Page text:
(b) The period of suspension or denial is two years if the person’s driving record shows one or more alcohol-related or drug-related enforcement contacts, as defined by Section 524.001(3), during the 10 years preceding the date of the person’s arrest.
What is an Administrative License Revocation Hearing?
An ALR hearing is a hearing that is held in the presence of an Administrative Law Judge (ALJ) who listens to the evidence in the case. DPS has the burden of proof in an ALR hearing. The driver can attack DPS’s case by presenting any legal issues that may exist. Unlike the criminal case, which must be proven beyond a reasonable doubt, the burden of proof in an ALR hearing is only preponderance of evidence.
After the hearing, the ALJ will issue a final, appealable decision and order. If the judge finds that DPS has proven its case, the judge will authorize the suspension of the individual’s driver’s license. On the other hand, if the judge finds that DPS has not proven its case, the individual’s driver’s license will not be suspended.
How long does it take to get an ALR hearing?
Once your attorney requests the ALR hearing, it can take two weeks to 120 days for DPS to schedule a hearing date. Your attorney will be notified of this date, which is typically a few weeks to a month from the date of the notice.
What must DPS prove?
In order to successfully suspend someone’s license, DPS must prove several elements by a preponderance of the evidence at the hearing.
- DPS must prove that the arresting officer had reasonable suspicion to stop you. Reasonable suspicion is a low standard that means the officer had reasonable, articulable facts to believe criminal activity had occurred or was likely to occur.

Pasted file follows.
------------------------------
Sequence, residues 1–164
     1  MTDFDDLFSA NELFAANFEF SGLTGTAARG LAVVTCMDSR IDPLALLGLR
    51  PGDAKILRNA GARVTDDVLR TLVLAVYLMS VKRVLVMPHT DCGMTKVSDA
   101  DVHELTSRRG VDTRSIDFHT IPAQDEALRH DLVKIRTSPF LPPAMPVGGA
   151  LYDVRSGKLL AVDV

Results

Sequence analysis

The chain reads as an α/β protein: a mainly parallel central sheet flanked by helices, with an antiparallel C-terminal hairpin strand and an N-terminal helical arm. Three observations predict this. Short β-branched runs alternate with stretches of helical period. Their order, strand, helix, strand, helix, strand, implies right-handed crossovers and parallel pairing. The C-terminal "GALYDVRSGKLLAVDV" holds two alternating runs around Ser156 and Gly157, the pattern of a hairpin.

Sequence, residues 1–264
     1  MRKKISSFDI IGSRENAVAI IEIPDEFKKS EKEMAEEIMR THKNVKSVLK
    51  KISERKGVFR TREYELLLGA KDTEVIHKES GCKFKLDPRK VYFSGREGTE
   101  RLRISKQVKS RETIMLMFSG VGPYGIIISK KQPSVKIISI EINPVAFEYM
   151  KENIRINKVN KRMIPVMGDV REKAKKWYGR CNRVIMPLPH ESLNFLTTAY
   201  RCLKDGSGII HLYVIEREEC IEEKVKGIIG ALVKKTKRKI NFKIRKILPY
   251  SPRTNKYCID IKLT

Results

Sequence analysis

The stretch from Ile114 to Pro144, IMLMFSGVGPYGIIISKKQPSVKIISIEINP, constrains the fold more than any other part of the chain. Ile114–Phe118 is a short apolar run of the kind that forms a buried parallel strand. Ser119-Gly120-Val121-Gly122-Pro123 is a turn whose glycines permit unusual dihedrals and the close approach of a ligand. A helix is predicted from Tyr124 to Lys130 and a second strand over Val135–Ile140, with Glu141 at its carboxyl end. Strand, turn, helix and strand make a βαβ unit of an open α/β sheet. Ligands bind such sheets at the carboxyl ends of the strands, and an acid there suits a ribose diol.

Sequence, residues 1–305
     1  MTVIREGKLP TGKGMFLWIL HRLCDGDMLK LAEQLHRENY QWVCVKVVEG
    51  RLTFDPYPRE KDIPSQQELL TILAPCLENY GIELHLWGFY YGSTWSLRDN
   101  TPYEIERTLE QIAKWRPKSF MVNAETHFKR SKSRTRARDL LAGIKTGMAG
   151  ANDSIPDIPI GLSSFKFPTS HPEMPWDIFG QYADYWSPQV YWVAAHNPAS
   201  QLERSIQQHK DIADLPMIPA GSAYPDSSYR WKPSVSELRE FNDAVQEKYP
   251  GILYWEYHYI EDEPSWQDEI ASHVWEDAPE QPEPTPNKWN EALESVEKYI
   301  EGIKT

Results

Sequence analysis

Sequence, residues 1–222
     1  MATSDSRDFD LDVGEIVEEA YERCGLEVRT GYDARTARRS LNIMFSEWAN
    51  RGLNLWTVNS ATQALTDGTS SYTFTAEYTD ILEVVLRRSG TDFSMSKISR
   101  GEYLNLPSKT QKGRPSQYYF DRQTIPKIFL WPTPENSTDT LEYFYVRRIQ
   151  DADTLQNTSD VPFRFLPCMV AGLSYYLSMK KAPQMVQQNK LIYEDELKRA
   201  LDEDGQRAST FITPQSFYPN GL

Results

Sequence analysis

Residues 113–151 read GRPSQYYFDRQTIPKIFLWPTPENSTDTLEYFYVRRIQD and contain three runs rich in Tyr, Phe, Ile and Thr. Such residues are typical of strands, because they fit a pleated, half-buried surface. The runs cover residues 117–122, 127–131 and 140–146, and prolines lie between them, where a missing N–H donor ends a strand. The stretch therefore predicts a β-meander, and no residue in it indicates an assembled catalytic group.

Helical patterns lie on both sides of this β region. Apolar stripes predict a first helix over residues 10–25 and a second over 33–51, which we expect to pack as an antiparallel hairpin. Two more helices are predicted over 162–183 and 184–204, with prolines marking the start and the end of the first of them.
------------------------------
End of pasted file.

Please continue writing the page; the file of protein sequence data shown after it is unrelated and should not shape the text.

- Then, DPS must prove that the officer had probable cause to arrest you. Probable cause means more likely than not an offense has been committed. An example of probable cause would be failed field sobriety test(s), or admitting to drinking alcohol.
- Finally, DPS must prove that the driver either took a breath or blood test and had a blood alcohol concentration of over .08 or the driver refused to take a breath or blood test.
Understand that preponderance of the evidence is a very low standard so DPS often wins these hearings. In fact, in north Texas, DPS wins these hearings over 95% of the time. So why would anyone request an ALR hearing?
Why ALR Hearings are Beneficial
- Your license suspension does not go into effect until the ALR hearing decision is rendered. Therefore, instead of having 40 days to drive on the temporary license, you may have several months where you are driving without restriction.
- Most experienced attorneys will have a petition for occupational license prepared so that you can obtain an Occupational License as soon as possible if the ALR decision is rendered against you.
- Your attorney will likely subpoena the arresting officer to show up at the hearing.
- Your attorney can obtain any non-privileged discovery, such as the offense reports prior to the hearing.
- Your attorney will be able to cross-examine the officer shows up that the ALR hearings. This provides us with a discovery opportunity to question the officer who arrested you. There are a number of advantages to doing this. Chief among them is the fact that we are able to cross-examine officers without the presence of a criminal prosecutor to redirect them or prepare them.
ALR Hearings and License Suspensions
Because of the complexities involved in administrative license revocations and license suspensions, it is always better to hire an attorney to handle these issues for you. Your attorney will request the hearing, subpoena arresting officer(s), prepare your defense, and argue your case for you.
How do I get my license back after the suspension period in Texas?
After the suspension period is over, you may contact your local DPS office to have your license reinstated. You will be responsible for paying a reinstatement fee, which is typically $125. Your attorney will be able to confirm your eligibility for reinstatement before you go in by logging into the DPS website.
Can an ALR decision be appealed?
Yes. You will be forced to pay a fee to appeal the underlying decision, but you may appeal the ALR decision. This also grants you more time to drive on your license without the suspension going into effect.
If your license has been suspended and you want to challenge the suspension, contact an experienced criminal defense attorney immediately. Our attorneys are available 24/7 at (817) 203-2220. Our attorneys call also talk to you about an Occupational License, which would let you drive legally even if your license is suspended.